The 5 Stages of Degenerative Myelopathy

degenerative myelopathy Jan 21, 2022
The 5 Stages of Degenerative Myelopathy

Staging Degenerative Myelopathy

I like to divide DM into five stages. This helps when tracking how the disease is progressing and allows my clients to set objective benchmarks to use in making quality-of-life decisions . None of the stages is exact, as every patient is different and will progress at a different rate through these five stages. The stages provide good benchmarks for what to expect, but there can be some overlap in terms of clinical signs.

The average age at which clinical signs begin to appear is eight to 14 years. Typically, the patient will progress through all the stages within a 12- to 18-month time frame. The cumulative oxidative damage to the spinal cord white matter doesn’t appear until later in life, which explains why dogs with DM don’t respond to treatment. By the time the dog displays symptoms, the damage is already done.

The number-one question about DM that I hear from clients is about bladder and bowel function. These are generally normal in the early stages of the disease, but, as the disease progresses to the mid- to late stages discussed below, urinary and fecal incontinence will develop in conjunction with hind-limb paralysis.

The Five Stages of Degenerative Myelopathy

  1. Early Stage (slight signs)
  2. Early to Mid-stage (neurological deficits noted)
  3. Mid-stage (partial paralysis)
  4. Late Stage (complete paralysis)
  5. Final Stage (ascending paralysis to front limbs)

Most dogs with degenerative myelopathy initially present with clinical signs of spasticity and general proprioceptive ataxia in the pelvic limbs. This varies from patient to patient based on the stage at which the dog is brought in for clinical evaluation. As we discuss below, the first time we see a patient with DM, it will typically fit into the early-stage to mid-stage categories in terms of clinical signs.

 1.  Early Stage

Clinical signs include:

  • Weakness in rear legs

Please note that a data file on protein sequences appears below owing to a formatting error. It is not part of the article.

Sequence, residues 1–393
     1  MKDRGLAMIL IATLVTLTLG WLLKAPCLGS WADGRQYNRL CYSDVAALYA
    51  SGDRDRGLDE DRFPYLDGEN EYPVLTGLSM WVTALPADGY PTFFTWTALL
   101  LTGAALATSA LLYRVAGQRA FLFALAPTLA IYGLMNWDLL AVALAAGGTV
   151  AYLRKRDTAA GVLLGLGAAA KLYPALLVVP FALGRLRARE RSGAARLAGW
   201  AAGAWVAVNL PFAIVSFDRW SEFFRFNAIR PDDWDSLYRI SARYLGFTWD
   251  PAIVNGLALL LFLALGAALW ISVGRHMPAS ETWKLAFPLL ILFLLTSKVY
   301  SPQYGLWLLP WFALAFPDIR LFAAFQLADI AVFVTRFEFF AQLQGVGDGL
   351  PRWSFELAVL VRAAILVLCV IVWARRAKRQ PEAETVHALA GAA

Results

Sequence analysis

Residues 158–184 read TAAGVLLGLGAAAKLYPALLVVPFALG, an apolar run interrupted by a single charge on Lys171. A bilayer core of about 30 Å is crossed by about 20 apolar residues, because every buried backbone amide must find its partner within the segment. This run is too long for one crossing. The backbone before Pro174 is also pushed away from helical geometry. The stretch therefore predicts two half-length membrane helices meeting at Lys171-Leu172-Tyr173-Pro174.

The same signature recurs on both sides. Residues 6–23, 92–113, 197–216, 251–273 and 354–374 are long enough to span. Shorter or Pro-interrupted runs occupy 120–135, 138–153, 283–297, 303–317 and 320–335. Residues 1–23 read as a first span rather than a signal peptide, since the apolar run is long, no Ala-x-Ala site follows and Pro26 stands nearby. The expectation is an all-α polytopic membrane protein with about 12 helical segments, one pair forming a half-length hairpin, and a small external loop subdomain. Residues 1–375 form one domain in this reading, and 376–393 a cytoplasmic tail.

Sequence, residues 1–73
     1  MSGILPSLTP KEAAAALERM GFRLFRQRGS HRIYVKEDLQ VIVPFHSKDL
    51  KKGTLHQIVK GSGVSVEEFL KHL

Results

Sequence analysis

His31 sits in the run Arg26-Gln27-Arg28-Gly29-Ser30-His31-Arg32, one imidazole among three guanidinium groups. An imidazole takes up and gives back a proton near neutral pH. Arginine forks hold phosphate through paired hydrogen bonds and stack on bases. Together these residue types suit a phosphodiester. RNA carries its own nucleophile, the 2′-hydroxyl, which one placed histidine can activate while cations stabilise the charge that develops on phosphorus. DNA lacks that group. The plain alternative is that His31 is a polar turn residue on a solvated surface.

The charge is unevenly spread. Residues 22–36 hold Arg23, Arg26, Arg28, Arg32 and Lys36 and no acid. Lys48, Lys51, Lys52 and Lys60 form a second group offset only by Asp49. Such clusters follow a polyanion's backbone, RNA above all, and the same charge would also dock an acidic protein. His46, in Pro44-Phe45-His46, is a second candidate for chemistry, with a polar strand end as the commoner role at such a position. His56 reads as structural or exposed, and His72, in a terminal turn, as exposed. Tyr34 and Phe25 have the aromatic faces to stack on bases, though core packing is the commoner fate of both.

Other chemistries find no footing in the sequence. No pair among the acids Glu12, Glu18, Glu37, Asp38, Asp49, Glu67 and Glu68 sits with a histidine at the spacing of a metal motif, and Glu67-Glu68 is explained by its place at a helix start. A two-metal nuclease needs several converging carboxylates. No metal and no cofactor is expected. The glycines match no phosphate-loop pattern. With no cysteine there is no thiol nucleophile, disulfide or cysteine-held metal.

• Slight change in gait
  • Change in tail position
  • Scuffing of rear paw pads
  • Wearing of innermost rear paw nail
  • Signs associated with hip dysplasia:
    - The dog has difficulty getting up from a lying position
    - Hindquarters appear to sway when walking

The photo above of the hind-limb paw of a dog with degenerative myelopathy shows the worn-down, inner-most nail, which can be a clinical sign of the disease.

2. Early to Mid-stage

The clinical signs in early to mid-stage DM include:

  • Beginning to have difficulty standing up
  • Swaying in the hind end when standing
  • Scraping all rear paw nails intermittently when walking (creating a click-click sound)
  • Early evidence of a loss of muscle mass in the hind limbs
  • Tail movement becomes less active
  • Rear legs start to cross each other when walking (worse when the dog turns)
  • May start to see urinary and fecal incontinence
  • May start to see knuckling when walking
  • May start to see delayed righting-reflex response times

The photo above is of a dog demonstrating a neurologically compromised standing position on the left hind limb that’s usually referred to as knuckling.


The clinical signs of mid-stage degenerative myelopathy include:

  • Loss of tail movement
  • Jerky movement in the hind limbs when trying to walk
  • Falling down when walking or standing (“drunken sailor”)
  • Cross extensor response—when one rear paw is touched, the other rear paw moves
  • Asymmetric weakness progressing to paraplegia
  • Easily falls over if lightly pushed
  • Wobbling and unable to maintain balance when standing
  • Knuckling of the hind paws when trying to walk (very obvious when turning)
  • Feet scraping on the ground when walking (constantly)
  • Inability to walk
  • Partial paralysis of the hind limbs (knuckling)
  • Urinary and fecal incontinence 

3.  Late Stage

The clinical signs of late-stage disease include:

  • Complete paralysis of the hind limbs and loss of all motor function
  • Loss of all sensory and deep-pain reflexes
  • Hyporeflexia of the myotatic and withdrawal reflexes

Complete urinary and fecal incontinence

4. Final Stage

The clinical signs of final-stage disease include:

  • Ascending paralysis to the front limbs
  • Weakness in front legs.


If you have any questions about Degenerative Myelopathy please contact the team at VTA today [email protected] or fill out the form here:

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© Author: Dr. John | Veterinary Teaching Academy, Canine Rehab Teaching Academy, Canine Rehab on Demand